What you need to know about COVID-19 in Ottawa on Sunday, Jan. 17

·7 min read
What you need to know about COVID-19 in Ottawa on Sunday, Jan. 17

Recent developments:

  • Another 123 cases of COVID-19 and one death were recorded in Ottawa on Sunday,

  • Some 9,000 road tests have been cancelled in eastern Ontario.

  • The province is pushing back the timeline for the second dose of the Pfizer BioNTech vaccine.

What's the latest?

Health officials in the nation's capital recorded 123 cases of COVID-19 on Sunday, the second lowest daily-case total of the past seven days.

The virus has also killed another person, according to Ottawa Public Health (OPH), raising the city's death toll to 403.

Another 22 cases and three more deaths were also recorded in the Outaouais.

With Ontario under a stay-at-home order, some 9,000 road tests have been cancelled in eastern Ontario — and licence-seekers are facing long waits to get those tests rebooked.

Provincial health officials say the second dose of the Pfizer BioNTech vaccine will now be pushed back from 21 to 27 days for those in long-term care or retirement homes or those caring for seniors — and possibly even longer for other recipients.

The change is because Pfizer-BioNTech will delivering fewer vaccines to Canada in the near future as it reworks some of its production lines.

Those who've received the Moderna vaccine will see no change.

How many cases are there?

As of Sunday, 12,286 people have tested positive for COVID-19 in Ottawa since the start of the pandemic. There are 1,274 known active cases, 10,609 resolved cases and 403 deaths from COVID-19.

Public health officials have reported more than 21,900 COVID-19 cases across eastern Ontario and western Quebec, including more than 19,000 resolved cases.

One hundred and three people have died of COVID-19 elsewhere in eastern Ontario and 142 people have died in western Quebec.

CBC Ottawa is profiling those who've died of COVID-19. If you'd like to share your loved one's story, please get in touch.

What can I do?

Ontario says people must only leave home when it's essential to avoid more COVID-19 cases, hospitalizations and deaths.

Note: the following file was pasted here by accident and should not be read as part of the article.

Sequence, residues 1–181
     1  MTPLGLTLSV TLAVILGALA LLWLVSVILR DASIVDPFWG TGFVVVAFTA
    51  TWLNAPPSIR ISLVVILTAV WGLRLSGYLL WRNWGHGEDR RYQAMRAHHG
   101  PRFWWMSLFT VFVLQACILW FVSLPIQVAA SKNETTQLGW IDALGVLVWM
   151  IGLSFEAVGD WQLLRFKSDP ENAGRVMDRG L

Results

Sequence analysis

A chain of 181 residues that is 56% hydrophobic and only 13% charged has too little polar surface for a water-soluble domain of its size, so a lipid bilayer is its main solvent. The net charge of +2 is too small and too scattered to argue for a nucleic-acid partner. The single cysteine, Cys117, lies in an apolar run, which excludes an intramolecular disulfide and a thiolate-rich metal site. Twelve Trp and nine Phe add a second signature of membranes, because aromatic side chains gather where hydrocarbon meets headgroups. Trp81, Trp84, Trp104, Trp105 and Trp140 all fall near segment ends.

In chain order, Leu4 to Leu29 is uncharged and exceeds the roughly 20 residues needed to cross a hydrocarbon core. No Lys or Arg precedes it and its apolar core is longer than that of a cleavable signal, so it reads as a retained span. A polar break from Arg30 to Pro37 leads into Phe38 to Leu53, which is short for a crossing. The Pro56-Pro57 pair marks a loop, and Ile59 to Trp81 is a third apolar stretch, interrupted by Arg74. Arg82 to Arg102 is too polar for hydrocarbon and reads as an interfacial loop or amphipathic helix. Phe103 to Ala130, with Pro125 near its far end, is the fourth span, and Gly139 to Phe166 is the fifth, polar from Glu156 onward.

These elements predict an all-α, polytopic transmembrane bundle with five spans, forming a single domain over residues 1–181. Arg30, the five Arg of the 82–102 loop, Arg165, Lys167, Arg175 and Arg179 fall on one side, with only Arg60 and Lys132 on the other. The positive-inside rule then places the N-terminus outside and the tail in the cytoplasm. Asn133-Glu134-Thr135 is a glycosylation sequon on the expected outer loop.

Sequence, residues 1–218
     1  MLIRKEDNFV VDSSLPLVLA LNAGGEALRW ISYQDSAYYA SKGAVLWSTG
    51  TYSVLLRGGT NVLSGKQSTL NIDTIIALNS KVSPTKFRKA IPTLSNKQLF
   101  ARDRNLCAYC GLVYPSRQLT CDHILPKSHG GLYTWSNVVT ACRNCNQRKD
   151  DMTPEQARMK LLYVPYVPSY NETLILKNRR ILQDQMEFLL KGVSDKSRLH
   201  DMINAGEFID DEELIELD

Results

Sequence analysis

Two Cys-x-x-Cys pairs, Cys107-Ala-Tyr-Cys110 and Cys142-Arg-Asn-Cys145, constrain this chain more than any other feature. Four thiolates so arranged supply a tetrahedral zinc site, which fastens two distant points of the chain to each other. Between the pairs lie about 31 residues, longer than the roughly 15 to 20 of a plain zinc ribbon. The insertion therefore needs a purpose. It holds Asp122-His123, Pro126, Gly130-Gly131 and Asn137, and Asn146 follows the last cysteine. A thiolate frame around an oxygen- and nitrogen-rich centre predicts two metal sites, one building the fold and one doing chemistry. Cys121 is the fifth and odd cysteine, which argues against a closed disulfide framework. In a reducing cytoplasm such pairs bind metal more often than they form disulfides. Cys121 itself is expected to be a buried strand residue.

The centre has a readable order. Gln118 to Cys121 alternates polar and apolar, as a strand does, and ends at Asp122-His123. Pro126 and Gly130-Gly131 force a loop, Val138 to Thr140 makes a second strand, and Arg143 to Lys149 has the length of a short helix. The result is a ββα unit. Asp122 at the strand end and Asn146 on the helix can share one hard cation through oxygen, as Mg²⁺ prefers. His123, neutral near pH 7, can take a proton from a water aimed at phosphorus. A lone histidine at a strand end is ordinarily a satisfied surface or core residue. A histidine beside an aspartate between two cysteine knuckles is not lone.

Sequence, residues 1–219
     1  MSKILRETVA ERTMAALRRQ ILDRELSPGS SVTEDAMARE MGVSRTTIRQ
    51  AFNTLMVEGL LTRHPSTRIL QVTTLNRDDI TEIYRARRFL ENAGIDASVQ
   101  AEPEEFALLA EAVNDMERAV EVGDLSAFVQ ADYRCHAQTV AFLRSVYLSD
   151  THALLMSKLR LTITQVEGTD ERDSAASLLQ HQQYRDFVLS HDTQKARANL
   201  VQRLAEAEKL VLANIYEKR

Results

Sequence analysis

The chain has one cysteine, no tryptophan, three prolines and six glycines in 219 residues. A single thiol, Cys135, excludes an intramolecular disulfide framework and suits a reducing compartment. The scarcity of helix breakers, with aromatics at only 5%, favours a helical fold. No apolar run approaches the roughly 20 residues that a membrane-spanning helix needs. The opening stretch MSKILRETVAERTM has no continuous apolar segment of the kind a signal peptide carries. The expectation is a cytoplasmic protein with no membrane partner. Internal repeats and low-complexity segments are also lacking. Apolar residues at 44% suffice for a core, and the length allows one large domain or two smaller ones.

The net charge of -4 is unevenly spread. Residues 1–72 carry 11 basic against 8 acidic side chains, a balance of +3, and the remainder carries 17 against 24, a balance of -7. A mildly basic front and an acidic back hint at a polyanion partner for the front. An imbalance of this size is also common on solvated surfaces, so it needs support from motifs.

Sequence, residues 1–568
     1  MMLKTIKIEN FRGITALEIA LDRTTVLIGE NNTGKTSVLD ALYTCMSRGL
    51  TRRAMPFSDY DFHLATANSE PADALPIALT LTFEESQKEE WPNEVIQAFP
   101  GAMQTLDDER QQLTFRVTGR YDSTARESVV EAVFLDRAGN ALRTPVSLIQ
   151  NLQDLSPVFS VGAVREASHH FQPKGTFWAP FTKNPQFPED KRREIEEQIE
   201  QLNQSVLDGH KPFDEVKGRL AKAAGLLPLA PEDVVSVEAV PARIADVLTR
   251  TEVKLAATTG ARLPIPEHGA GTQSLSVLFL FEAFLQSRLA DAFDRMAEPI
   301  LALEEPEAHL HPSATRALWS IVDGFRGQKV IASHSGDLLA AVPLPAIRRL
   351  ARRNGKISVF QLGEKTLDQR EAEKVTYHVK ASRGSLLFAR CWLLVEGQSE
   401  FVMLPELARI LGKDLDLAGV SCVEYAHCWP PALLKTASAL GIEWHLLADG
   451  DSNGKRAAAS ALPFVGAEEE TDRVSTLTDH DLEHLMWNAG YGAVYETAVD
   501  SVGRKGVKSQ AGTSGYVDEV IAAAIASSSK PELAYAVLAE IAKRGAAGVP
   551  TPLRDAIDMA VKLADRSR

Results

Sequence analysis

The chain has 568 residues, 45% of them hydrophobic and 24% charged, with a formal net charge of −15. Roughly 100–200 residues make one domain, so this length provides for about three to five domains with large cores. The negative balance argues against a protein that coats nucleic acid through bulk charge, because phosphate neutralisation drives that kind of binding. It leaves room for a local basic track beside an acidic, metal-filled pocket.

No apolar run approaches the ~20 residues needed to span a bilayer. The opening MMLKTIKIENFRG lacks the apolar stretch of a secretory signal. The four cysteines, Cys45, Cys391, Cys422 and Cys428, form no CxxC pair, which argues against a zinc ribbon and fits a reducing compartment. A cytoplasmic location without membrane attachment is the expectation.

People who leave home for non-essential reasons can now be fined, though police won't be stopping people just for being outside.

Travel within Ontario is not recommended. Residents who leave the province should isolate for 14 days upon returning.

Private indoor gatherings are not allowed, while outdoor gatherings are capped at five. It's strongly recommended people stick to their own households.

People who live alone are still allowed to interact with one other household.

Andrew Lee/CBC
Andrew Lee/CBC

Outdoor recreation venues remain open. In-person shopping is limited to essential businesses. Others can offer pickup and delivery.

The province will announce by Wednesday which schools can offer general in-person learning. The Ottawa-Carleton School Board has said it won't bring that back for secondary schools until at least Feb. 1.

Child-care centres remain open.

The lockdown rules are in place until at least Feb. 11.

WATCH | 'We cannot police our way out of this pandemic,' says doctor

In western Quebec, residents are also being asked to stay home unless it's essential and not see anyone they don't live with, with an exception for people living alone.

They can visit one other home.

Quebec's 8 p.m. to 5 a.m. curfew is now in effect, with fines of up to $6,000 for breaking the rules.

The province has shut down non-essential businesses and has extended secondary school closures until later this week.

Like in Ontario, travel from one region of Quebec to another is discouraged.

Those rules are in place until Feb. 8.

Sean Kilpatrick/Canadian Press
Sean Kilpatrick/Canadian Press

Distancing and isolating

The novel coronavirus primarily spreads through droplets when an infected person speaks, coughs, sneezes, or breathes onto someone or something. These droplets can hang in the air.

People can be contagious without symptoms.

This means it's important to take precautions like staying home while symptomatic, keeping hands and frequently touched surfaces clean and maintaining distance from anyone you don't live with — even with a mask on.

Masks, preferably with three layers, are mandatory in indoor public settings in Ontario and Quebec. OPH says residents should also wear masks outside their homes whenever possible.